"... We argue that the random oracle model  where all parties have access to a public random oracle  provides a bridge between cryptographic theory and cryptographic practice. In the paradigm we suggest, a practical protocol P is produced by first devising and proving correct a protocol P R for the ..."
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Cited by 1643 (75 self)
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We argue that the random oracle model  where all parties have access to a public random oracle  provides a bridge between cryptographic theory and cryptographic practice. In the paradigm we suggest, a practical protocol P is produced by first devising and proving correct a protocol P R
Near Optimal Signal Recovery From Random Projections: Universal Encoding Strategies?
, 2004
"... Suppose we are given a vector f in RN. How many linear measurements do we need to make about f to be able to recover f to within precision ɛ in the Euclidean (ℓ2) metric? Or more exactly, suppose we are interested in a class F of such objects— discrete digital signals, images, etc; how many linear m ..."
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Cited by 1513 (20 self)
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law), then it is possible to reconstruct f to within very high accuracy from a small number of random measurements. typical result is as follows: we rearrange the entries of f (or its coefficients in a fixed basis) in decreasing order of magnitude f  (1) ≥ f  (2) ≥... ≥ f  (N), and define the weakℓp ball
Segmentation of brain MR images through a hidden Markov random field model and the expectationmaximization algorithm
 IEEE TRANSACTIONS ON MEDICAL. IMAGING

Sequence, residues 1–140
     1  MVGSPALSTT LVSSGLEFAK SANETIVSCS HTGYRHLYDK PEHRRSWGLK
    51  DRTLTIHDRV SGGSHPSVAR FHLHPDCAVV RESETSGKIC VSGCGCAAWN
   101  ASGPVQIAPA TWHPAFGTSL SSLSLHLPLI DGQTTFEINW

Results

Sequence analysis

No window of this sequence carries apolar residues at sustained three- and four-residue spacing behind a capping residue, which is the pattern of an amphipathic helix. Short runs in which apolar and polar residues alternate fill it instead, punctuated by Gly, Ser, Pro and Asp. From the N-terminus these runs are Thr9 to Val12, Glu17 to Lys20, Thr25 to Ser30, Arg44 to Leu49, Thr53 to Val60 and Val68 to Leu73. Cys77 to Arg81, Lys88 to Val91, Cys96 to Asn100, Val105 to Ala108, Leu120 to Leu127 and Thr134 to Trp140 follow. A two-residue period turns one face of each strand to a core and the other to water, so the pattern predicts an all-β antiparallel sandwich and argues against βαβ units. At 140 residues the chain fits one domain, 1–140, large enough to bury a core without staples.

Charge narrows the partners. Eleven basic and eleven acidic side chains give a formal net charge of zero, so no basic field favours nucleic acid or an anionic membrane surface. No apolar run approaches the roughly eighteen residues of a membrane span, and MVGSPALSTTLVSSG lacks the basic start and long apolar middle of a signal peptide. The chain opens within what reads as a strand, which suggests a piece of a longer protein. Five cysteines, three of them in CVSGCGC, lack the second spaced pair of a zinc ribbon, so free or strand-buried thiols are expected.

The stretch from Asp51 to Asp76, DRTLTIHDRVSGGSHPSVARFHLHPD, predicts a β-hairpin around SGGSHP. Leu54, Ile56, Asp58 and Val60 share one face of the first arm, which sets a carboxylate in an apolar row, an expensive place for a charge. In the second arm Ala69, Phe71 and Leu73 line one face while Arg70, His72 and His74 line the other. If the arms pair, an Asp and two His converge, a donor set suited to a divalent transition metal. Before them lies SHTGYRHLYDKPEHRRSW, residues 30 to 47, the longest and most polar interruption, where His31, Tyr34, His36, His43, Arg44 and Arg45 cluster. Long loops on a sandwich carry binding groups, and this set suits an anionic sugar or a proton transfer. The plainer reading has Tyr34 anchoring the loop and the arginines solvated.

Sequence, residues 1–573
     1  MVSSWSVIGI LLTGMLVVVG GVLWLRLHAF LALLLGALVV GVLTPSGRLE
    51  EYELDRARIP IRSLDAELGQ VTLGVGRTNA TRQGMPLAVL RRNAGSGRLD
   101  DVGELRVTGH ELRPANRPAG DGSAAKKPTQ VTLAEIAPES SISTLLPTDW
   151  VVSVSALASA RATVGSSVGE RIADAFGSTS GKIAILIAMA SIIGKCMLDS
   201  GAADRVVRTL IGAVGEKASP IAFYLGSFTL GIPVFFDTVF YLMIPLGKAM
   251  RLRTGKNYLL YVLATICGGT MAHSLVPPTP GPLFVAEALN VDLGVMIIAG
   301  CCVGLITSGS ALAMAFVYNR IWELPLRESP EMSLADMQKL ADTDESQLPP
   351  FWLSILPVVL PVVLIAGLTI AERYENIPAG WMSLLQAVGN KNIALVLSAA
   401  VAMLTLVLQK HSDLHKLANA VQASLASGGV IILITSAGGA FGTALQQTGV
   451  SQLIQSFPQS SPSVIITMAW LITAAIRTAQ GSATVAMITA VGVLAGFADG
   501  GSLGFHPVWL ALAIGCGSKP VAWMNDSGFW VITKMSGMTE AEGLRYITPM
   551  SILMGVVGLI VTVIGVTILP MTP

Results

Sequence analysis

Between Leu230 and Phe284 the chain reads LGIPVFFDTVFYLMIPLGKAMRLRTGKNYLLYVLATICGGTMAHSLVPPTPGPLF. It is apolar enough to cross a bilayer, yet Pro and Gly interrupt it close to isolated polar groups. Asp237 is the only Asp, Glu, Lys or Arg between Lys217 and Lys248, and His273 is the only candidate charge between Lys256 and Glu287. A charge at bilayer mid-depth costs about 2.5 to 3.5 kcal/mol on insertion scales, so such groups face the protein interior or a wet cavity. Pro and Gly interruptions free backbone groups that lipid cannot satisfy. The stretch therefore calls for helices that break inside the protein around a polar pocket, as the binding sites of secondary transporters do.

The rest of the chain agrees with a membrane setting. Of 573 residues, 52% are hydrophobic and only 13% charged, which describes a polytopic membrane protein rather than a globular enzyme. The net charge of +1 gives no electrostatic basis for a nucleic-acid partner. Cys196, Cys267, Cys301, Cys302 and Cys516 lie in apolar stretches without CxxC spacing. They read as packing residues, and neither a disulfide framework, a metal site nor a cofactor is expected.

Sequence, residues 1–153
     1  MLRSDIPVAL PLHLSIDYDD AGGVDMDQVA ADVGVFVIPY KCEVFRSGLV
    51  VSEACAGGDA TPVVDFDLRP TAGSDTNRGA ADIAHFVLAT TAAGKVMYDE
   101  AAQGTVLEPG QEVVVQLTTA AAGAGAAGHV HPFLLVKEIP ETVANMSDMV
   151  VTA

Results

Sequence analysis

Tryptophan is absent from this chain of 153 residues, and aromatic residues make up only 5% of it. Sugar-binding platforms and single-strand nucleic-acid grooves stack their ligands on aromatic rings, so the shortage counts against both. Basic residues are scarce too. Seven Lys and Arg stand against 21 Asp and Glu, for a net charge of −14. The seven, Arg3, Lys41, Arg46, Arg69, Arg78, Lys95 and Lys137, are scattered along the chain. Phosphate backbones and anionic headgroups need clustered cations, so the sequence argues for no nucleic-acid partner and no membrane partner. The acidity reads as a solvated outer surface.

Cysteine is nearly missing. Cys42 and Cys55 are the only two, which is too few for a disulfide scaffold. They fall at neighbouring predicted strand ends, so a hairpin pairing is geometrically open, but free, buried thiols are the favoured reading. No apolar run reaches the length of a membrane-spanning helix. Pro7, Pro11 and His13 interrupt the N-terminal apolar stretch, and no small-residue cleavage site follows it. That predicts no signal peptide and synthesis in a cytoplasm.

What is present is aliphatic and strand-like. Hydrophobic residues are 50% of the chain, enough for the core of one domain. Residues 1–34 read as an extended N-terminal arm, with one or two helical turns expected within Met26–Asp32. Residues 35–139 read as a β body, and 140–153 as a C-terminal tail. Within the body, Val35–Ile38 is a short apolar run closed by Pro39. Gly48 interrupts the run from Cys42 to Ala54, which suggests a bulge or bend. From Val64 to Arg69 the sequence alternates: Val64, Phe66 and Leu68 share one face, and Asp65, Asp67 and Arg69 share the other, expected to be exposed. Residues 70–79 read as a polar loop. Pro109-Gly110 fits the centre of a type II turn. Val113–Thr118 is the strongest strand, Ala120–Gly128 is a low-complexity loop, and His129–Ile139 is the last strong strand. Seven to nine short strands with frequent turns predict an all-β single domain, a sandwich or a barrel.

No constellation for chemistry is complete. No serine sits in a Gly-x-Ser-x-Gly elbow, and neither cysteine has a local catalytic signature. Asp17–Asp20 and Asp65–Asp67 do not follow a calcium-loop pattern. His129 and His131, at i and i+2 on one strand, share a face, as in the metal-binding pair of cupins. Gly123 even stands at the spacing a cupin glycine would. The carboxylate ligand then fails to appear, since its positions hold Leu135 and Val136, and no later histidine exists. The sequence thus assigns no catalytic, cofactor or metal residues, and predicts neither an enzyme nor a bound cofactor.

, 2001
"... The finite mixture (FM) model is the most commonly used model for statistical segmentation of brain magnetic resonance (MR) images because of its simple mathematical form and the piecewise constant nature of ideal brain MR images. However, being a histogrambased model, the FM has an intrinsic limi ..."
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Cited by 619 (14 self)
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based methods produce unreliable results. In this paper, we propose a novel hidden Markov random field (HMRF) model, which is a stochastic process generated by a MRF whose state sequence cannot be observed directly but which can be indirectly estimated through observations. Mathematically, it can be shown
Stock Market Prices Do Not Follow Random Walks: Evidence from a Simple Specification Test
 REVIEW OF FINANCIAL STUDIES
, 1988
"... In this article we test the random walk hypothesis for weekly stock market returns by comparing variance estimators derived from data sampled at different frequencies. The random walk model is strongly rejected for the entire sample period (19621985) and for all subperiod for a variety of aggrega ..."
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Cited by 492 (18 self)
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In this article we test the random walk hypothesis for weekly stock market returns by comparing variance estimators derived from data sampled at different frequencies. The random walk model is strongly rejected for the entire sample period (19621985) and for all subperiod for a variety
Results 1  10
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838,536